Beebe and Barton conducted several successful dives during the summer months of 1930, documenting deep-sea animals which had never before been seen in their native habitats. During these dives, Beebe became the first person to observe how as one descends into the depths of the ocean, some frequencies of sunlight disappear before others, so that below a certain depth the only colors of light that remain are violet and blue. Beebe and Barton also used the Bathysphere to perform shallower "contour dives", mapping Bermuda's underwater geography. These were particularly dangerous due to the possibility of the Bathysphere smashing against the underwater cliffs which Beebe was mapping, and Barton installed a rudder on the Bathysphere in order to better control its motion during these dives. On June 16, in honor of Hollister's 30th birthday, Beebe allowed her and Tee-Van to perform a dive in the Bathysphere to a depth of 410 ft (120 m), setting a world record for a dive by a woman. Hollister and Tee-Van pleaded to be allowed to descend deeper than this, but Beebe did not allow it out of fear for their safety. In the fall of 1930 Barton donated the Bathysphere to the New York Zoological Society, the primary organization behind Beebe's work.
Beebe attempted to continue his dives in summer of 1931, but was foiled by technical problems and by the weather. The Arcturus' winch developed a crack in it, a replacement for it did not arrive until the end of July, and by that time Bermuda was being plagued by storms which made the water too rough for dives to be conducted safely. The onset of the Great Depression also made it more difficult to obtain funding, and in an effort to raise money for continued dives Beebe promised to eventually descend 0.5 mi (0.80 km). He also obtained more funds for his dives by writing an article describing them for the June 1931 issue of National Geographic titled "Round Trip to Davy Jones' Locker". Illustrations for the article were painted by Else Bostelmann, a wildlife artist who frequently illustrated the animals that Beebe observed during his dives.
Beebe and Barton resumed their dives in 1932, this time launching the Bathysphere from a single ship called the Freedom instead of the Ready and the Gladisfen. They had arranged a plan with NBC whereby their observations relayed up the phone line would be broadcast nationally over the radio. Barton also hoped to film deep-sea creatures from inside the Bathysphere. Beebe normally observed the depths through one of the Bathysphere's three windows since the searchlight was shone through the second, and a steel plug had been in place of the third, but this was changed when Barton had the steel plug replaced with a third window in order to film through it. When conducting an unmanned test of the Bathysphere with the third window installed, they found it almost entirely full of water. Realizing the immense pressure that the water must be under, Beebe ordered his crew to stand clear and began loosening the hatch's bolts to remove the hatch himself. Beebe described the experience that followed this in his book Half Mile Down:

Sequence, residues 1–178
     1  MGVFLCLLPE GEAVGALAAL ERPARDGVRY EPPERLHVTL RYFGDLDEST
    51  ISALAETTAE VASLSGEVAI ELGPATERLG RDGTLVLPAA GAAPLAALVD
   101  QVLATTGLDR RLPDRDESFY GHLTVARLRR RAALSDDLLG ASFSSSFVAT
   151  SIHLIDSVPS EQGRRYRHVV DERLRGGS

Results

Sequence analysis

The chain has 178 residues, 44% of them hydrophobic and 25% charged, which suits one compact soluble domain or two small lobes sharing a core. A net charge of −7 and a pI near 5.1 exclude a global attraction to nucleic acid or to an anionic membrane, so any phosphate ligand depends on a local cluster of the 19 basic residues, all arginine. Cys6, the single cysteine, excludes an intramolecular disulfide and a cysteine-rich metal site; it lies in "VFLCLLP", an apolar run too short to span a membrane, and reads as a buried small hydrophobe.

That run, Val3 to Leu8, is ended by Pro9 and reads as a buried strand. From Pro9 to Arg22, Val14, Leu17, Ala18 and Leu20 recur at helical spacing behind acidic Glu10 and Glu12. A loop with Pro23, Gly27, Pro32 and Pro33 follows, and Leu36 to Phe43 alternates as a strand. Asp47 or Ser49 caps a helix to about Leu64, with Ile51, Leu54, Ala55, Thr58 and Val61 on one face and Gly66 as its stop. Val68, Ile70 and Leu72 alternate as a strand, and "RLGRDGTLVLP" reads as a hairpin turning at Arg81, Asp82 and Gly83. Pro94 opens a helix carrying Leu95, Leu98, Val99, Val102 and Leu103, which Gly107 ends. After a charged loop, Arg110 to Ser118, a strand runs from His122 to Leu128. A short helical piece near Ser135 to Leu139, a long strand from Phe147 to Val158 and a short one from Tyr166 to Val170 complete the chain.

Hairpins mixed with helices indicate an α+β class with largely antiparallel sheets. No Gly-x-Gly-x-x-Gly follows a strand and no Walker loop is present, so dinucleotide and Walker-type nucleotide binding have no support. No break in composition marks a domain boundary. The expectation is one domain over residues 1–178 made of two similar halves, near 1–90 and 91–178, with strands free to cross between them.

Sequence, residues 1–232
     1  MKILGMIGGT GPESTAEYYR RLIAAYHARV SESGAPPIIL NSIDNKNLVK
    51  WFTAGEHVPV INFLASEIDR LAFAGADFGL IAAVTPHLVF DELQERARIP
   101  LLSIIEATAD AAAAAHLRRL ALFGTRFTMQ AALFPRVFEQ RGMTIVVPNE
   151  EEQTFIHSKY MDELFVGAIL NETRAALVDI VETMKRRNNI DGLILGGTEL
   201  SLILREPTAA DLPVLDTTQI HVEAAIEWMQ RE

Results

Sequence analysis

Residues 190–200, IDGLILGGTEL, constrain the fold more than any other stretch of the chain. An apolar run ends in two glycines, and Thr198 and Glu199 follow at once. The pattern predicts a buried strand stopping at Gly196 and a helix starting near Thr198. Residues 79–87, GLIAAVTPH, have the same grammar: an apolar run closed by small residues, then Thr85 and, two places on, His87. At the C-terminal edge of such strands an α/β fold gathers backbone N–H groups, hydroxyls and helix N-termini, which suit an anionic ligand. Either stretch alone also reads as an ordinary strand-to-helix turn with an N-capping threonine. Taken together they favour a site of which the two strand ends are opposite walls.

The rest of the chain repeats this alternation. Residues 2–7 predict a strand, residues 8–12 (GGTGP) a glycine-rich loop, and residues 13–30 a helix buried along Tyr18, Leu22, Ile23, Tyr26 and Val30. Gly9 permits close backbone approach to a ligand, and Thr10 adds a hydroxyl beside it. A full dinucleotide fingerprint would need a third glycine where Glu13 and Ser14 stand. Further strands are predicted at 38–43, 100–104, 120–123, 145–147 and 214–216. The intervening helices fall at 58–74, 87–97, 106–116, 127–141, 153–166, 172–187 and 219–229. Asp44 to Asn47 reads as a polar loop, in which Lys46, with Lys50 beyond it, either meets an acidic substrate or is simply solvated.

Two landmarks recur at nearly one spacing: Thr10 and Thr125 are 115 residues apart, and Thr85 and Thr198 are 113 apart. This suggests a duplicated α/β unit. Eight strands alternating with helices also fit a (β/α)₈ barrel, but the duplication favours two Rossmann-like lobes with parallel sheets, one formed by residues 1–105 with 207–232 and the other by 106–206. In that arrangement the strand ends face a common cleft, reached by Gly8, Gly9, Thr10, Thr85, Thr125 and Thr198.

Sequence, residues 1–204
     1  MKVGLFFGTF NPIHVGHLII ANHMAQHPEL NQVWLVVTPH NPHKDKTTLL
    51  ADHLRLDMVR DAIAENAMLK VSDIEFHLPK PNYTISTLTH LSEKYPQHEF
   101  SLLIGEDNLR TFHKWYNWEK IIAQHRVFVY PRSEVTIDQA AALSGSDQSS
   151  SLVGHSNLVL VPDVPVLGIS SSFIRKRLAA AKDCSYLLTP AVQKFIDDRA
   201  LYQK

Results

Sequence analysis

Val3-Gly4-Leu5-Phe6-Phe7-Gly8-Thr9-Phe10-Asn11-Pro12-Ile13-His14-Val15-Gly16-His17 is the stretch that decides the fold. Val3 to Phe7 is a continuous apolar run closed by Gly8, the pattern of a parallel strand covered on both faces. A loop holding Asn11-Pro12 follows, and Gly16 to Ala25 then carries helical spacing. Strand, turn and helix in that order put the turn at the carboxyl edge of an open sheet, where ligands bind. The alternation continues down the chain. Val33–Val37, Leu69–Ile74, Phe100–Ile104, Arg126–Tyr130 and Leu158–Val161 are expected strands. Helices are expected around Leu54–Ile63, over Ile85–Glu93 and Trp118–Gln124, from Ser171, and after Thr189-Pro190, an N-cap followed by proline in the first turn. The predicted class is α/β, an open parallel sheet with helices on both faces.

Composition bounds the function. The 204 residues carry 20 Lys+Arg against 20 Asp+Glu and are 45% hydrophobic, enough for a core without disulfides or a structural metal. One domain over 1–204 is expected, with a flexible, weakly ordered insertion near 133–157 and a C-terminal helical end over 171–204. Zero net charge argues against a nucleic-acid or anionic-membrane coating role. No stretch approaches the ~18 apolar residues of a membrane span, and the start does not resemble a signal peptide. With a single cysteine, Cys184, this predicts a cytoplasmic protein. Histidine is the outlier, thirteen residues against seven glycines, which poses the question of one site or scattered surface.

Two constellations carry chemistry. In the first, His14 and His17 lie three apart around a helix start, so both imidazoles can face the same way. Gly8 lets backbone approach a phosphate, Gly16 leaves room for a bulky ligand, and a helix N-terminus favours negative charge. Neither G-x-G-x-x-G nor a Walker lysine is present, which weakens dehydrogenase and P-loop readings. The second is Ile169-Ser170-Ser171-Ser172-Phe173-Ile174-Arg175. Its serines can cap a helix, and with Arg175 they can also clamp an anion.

Suddenly, without the slightest warning, the bolt was torn from our hands, and the mass of heavy metal shot across the deck like the shell from a gun. The trajectory was almost straight, and the brass bolt hurtled into the steel winch thirty feet [9.1 m] away across the deck and sheared a half-inch [13 mm] notch gouged out by the harder metal. This was followed by a solid cylinder of water, which slackened after a while into a cataract, pouring out the hole in the door, some air mingled with the water, looking like hot steam, instead of compressed air shooting through ice-cold water.
After replacing the third window with the steel plug and conducting another unmanned test, the same problem happened again. Beebe later described what would have happened to him and Barton had they been inside the sphere on a dive during which it leaked. They would not have had time to drown: due to the immense pressure, "the first few drops of water would have shot through flesh and bone like steel bullets."
After packing the plug in more securely, and sending the Bathysphere down for another test dive in which the plug held, Beebe and Barton set off for their radio dive on September 22. The first part of the radio broadcast was conducted from on board the Freedom, describing Beebe and Barton preparing for their dive, while the second part would be relayed up the phone line from the sphere as Beebe and Barton descended in it. The ocean during this dive was rougher than it had been during any of their previous dives, and as the Freedom rocked on the surface, its motion was transmitted down the steel cable, causing the Bathysphere to swing from side to side like a pendulum. As the Bathysphere descended, Barton succumbed to seasickness and vomited inside it. However, the first half of the radio transmission had already been broadcast, and neither Beebe nor Barton wished to cancel its second half, so they continued their descent.
Beebe and Barton began the second half of their radio broadcast at a depth of 1,550 feet (470 m). Beebe's observations were transmitted broadcast over the radio as he gradually descended to a depth of 2,200 feet (670 m). With the broadcast finished, although they were only 440 feet (130 m) short of their promised goal of 0.5 miles (2,600 ft; 800 m), the Bathysphere was still rocking wildly and Beebe and Barton were both bruised and bleeding from being knocked about inside it. Shortly after the end of the radio broadcast, Beebe gave the order for them to be pulled back up.
Beebe and Barton conducted several more dives in 1932, including both dives to document deep-sea animals and the shallower contour dives. Although the Bathysphere's third window still was not installed, Beebe periodically shared his window with Barton so that Barton could film through it.
In 1933, the Bathysphere was displayed in a special exhibit for the American Museum of Natural History, and at the Century of Progress World's Fair in Chicago. Beebe shared the fair's Hall of Science with Auguste Piccard, who held the world record for altitude for his ascent into the stratosphere in a hot-air balloon, and the publicity Beebe received for this exposition was even greater than what he had received in his radio dive. Meanwhile, Barton was busy filming more footage for an underwater movie which he hoped to make. Due to the combination of these factors and the Depression, Beebe and Barton did not conduct any dives in 1933.